This Sunday's sermon is on Luke's description of the healing of the centurion's servant. My thoughts revolve around the same focus as they did when I preached before on this passage, so I will reprint the manuscript from that sermon for this Sunday.

Every time I read the gospels, I’m glad we have the four instead of just one melded version that picked up the pieces of all of them. I like how Mark is straightforward and direct, and how Matthew always takes pains to connect the story of Jesus with the ancient story of God at work in the people of Israel. John gives us some sense of the “big picture’ significance of Jesus.

And Luke throws in great human details like one in this passage. Let me show you what I mean.

When Jesus arrives in Capernaum, he’s met by a delegation of Jewish elders who bring him a message from a Roman centurion. The soldier has a slave who’s ill and near death, and is asking for Jesus to heal him. Here’s the part I like – the elders give the centurion’s resumé to Jesus. He built us a synagogue, they say. He’s one of the good Romans and he treats us well.

They figure Jesus might not want to help a Roman, and that’s probably a safe assumption, as most Jewish people we’d meet on the street in that day wouldn’t have wept much if Rome disappeared overnight.

Whether convinced by the elders or for reasons of his own, Jesus has decided to heal the sick man and sets out for the centurion’s home. But the centurion anticipated this and warns Jesus away from his house, knowing that a Jewish religious leader who visited a Roman’s home would have problems with his own people.

He says he knows what authority is, as he has people in authority over him and he has authority over others. So if Jesus does in fact have the authority to heal his servant, then it will be done whether the two meet face to face or not.

Jesus comments that this man has great faith, “unlike any in Israel.” And the slave is made well.

We don’t always use the word “faith” in the way it plays out here. We often make it a synonym with “believe,” and we lump it in with other kinds of mental or intellectual actions.

But the centurion recognizes a different dimension of faith. For him, it is a matter of not simply agreeing that Jesus might heal his slave. It is a conviction that the healing will be done if Jesus wants it done, and a willingness to live by that conviction no matter what.

That’s where his comments on authority come in. If the centurion were here to explain his actions, he might tell us something like this: Either Jesus wants to heal my slave or he doesn’t. If he wants to, then he either can heal him or he can’t. And if he wants to heal him and he can heal him, then it’s a done deal.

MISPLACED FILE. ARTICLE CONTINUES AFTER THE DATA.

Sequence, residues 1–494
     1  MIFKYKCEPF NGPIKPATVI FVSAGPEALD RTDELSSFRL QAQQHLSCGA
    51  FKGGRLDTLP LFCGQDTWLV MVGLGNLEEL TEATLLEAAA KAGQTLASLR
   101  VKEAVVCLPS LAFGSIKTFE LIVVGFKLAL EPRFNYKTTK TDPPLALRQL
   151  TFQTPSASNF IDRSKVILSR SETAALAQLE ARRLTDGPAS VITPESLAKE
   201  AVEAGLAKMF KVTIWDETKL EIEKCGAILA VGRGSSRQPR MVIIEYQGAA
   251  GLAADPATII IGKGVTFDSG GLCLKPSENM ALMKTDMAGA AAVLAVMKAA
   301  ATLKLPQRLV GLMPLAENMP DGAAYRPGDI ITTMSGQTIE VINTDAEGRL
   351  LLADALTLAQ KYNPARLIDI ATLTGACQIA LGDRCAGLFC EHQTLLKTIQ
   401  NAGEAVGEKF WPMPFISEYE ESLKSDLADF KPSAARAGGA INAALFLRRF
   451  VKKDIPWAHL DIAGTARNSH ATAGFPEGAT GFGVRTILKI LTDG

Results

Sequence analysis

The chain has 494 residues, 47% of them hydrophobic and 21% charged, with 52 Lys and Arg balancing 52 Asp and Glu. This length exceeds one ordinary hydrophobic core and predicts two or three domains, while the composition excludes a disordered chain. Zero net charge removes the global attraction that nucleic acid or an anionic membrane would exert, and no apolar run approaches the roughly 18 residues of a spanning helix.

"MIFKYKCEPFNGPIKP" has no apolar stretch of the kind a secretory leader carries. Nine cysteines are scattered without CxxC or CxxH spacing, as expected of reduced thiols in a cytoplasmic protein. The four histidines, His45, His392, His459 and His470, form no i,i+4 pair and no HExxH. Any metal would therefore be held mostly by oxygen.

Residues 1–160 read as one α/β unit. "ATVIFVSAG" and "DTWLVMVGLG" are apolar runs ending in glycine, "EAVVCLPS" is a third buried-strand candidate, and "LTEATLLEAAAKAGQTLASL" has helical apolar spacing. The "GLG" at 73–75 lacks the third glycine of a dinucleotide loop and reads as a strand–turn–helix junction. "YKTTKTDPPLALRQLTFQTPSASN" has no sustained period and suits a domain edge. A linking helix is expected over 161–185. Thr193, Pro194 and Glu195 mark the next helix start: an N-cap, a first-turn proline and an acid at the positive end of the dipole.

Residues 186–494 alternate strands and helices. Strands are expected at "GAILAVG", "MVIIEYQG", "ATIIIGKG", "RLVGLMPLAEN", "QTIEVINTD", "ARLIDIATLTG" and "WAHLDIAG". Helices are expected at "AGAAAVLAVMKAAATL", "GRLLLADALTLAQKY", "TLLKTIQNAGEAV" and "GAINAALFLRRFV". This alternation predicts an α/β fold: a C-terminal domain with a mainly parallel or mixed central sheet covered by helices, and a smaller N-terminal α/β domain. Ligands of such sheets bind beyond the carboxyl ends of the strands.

I sometimes don’t do so well as the centurion, and I imagine many of us would say the same. We’ll profess a belief that God will do something and then we’ll go and try to do it as though he can’t.

I don’t mean things like praying and then not taking people to the doctor – God will work through human hands and skills to heal just as much as through his own ways.

Think of it more like this: When each of us learns to drive, there comes a point where we have to be driving the car ourselves. If the person with us tells us we know how to drive but then insists on taking the wheel anyway, we wonder if they mean what they say. And they might also be my dad, but that has more to do with him getting carsick easily unless he’s at the wheel.

When we’re driving ourselves, then we guide the car, we choose the route, we follow whichever traffic regulations we choose (or remember. Who goes first at a 4-way stop?). Other people might offer advice or warnings. Constantly. Mom. But when another person drives, they do those things.

The centurion lets Jesus know that he doesn’t have to risk his reputation among the people in order to heal. He has sent word to Jesus because he believes Jesus can heal his slave, so Jesus need make no special journey, or say special words or make some kind of show. He just has to say it’s done, and it’s done.

The centurion’s faith didn’t heal the slave – don’t misunderstand the story. Jesus did it. He noted the centurion’s faith as an example for us to follow, but he did the healing. We can’t automatically make Jesus do something just by believing in it hard enough. That’s the way we save Tinkerbell in Peter Pan, not how we trust in and follow our Lord.